“A lot of people who think that the reputation would be at stake do not realize that reputation is studied by actions and by intention and if the intention of Ryerson is to keep its name as Ryerson University, that intention in itself shows a really shitty reputation,” she said.
Although she said she’s heard many people say the name change won’t help Indigenous communities, she said it’s a step in the right direction.
“Realistically speaking, it’s not really going to do much in terms of them giving money to Indigenous communities. But it’s a start to at least acknowledge that this name causes a lot of damage to this day. And that even just by changing it, it’s already shifting that legacy to end whatever idealization we have for figures who do not deserve it.”
Although Rajwani said he doesn’t feel worried about the credibility of his own degree because he’s since pursued a master’s at the University of Toronto, he said the university will have a hard time building up its reputation to what it once was.
“Ryerson is attempting to flush down any credibility that they had built over the past few decades, moving from a polytechnic to an undergraduate institution to one that confers master’s degrees,” he said. “It’s going to be a challenge to rebuild that credibility with a brand new name. That’s not an easy task.”
The university recently announced that community members are able to share their perspectives on a new name for the university through an anonymous online survey. The university also said members can share their thoughts via email at email@example.com, on social media using #NextChapterName or by mail to the research firm, The Strategic Counsel.
“Our alumni community is the largest and growing stakeholder of the university. We sincerely hope that you will work together with us to find a name for your alma mater that aligns with its values and aspirations,” the university wrote.
Although this action might be rooted in good intention, Oliva said it’s more performative than anything else.
“At the end of the day, alumni are just moving on with their lives. We already have so much shit that we have to think about in terms of housing, jobs, the pandemic and our health. I think the last thing on our minds will be this name change,” she said. “But the idea that they are trying to at least involve people in that process is a nice sentiment.”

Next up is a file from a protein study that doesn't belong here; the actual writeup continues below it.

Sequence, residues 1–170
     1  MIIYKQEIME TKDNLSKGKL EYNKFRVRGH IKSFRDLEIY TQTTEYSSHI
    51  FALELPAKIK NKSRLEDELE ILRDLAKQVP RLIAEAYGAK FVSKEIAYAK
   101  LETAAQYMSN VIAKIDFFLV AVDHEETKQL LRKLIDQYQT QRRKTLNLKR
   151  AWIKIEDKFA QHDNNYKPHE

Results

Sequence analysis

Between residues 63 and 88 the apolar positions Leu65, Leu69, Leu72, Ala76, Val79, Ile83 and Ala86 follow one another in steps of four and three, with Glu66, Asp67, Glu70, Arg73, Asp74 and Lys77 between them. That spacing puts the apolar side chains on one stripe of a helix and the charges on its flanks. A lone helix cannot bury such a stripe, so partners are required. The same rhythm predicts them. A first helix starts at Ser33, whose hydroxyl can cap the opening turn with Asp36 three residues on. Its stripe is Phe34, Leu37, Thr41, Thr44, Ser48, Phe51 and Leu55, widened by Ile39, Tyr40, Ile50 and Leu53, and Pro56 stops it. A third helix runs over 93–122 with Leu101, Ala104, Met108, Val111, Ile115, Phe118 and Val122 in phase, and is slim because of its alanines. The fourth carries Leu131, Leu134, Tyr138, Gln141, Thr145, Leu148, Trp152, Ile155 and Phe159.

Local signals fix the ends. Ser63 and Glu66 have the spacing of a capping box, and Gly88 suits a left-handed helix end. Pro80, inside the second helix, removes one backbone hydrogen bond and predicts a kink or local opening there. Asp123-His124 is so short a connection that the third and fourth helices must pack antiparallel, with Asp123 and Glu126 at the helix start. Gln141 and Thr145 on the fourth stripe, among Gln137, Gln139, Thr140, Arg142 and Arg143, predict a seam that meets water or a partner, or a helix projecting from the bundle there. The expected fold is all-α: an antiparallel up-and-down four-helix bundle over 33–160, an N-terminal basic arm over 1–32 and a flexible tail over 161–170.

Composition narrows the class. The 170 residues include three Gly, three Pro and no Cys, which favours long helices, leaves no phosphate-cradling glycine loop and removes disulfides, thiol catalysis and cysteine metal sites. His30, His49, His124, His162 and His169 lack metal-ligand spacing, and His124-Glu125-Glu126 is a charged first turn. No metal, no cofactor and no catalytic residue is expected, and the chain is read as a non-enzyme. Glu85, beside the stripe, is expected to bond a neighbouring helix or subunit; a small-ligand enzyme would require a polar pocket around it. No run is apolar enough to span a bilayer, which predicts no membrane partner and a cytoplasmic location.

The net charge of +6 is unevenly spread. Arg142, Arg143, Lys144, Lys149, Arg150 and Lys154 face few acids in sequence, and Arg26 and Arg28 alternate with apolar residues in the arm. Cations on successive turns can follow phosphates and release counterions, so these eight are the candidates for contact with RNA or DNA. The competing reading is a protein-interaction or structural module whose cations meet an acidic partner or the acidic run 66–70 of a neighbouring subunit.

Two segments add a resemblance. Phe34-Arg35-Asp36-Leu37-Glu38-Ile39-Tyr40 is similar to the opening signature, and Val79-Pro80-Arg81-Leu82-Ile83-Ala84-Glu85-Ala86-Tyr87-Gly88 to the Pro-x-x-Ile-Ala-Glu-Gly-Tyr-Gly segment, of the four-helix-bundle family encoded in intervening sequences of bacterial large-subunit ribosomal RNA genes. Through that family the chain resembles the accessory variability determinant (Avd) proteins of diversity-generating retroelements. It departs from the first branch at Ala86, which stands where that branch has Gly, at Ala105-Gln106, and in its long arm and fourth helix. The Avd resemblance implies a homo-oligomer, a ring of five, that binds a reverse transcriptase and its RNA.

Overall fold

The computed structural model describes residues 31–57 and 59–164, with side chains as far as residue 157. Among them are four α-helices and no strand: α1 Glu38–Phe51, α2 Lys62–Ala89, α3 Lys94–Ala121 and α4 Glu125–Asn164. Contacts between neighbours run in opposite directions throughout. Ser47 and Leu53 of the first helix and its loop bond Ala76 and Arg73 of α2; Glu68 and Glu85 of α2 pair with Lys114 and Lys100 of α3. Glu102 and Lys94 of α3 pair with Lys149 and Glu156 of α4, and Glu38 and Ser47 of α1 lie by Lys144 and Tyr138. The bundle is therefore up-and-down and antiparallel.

However, she said the people they should be trying to involve as much as possible is the Indigenous community at the university.
“That’s not to say that Indigenous communities need to be responsible for this. The idea that they have to be responsible for their own reconciliation is really stupid. But at least making sure that the next name isn’t as shitty as the first one would be a great start,” she said.
“This is just really to give people that perception that they have an opinion and that they are involved in the process”
The Eyeopener previously reported that Miranda Black, the only Indigenous student on the renaming committee, stepped down from her role citing concerns over the confidentiality agreement she was asked to sign, which conflicted with her ability to be accountable to Indigenous communities and residential school survivors. Since then another Indigenous student, Julianna Alton, has replaced her.
Rajwani said he doesn’t think he’ll participate in the survey because he thinks his participation won’t have enough of an impact on the actual decision.
“This is just really to give people that perception that they have an opinion and that they are involved in the process. It’s giving people procedural justice, but there’s not going to be any kind of outcome of justice to it because they’ve already probably decided what they’re going to do,” he said.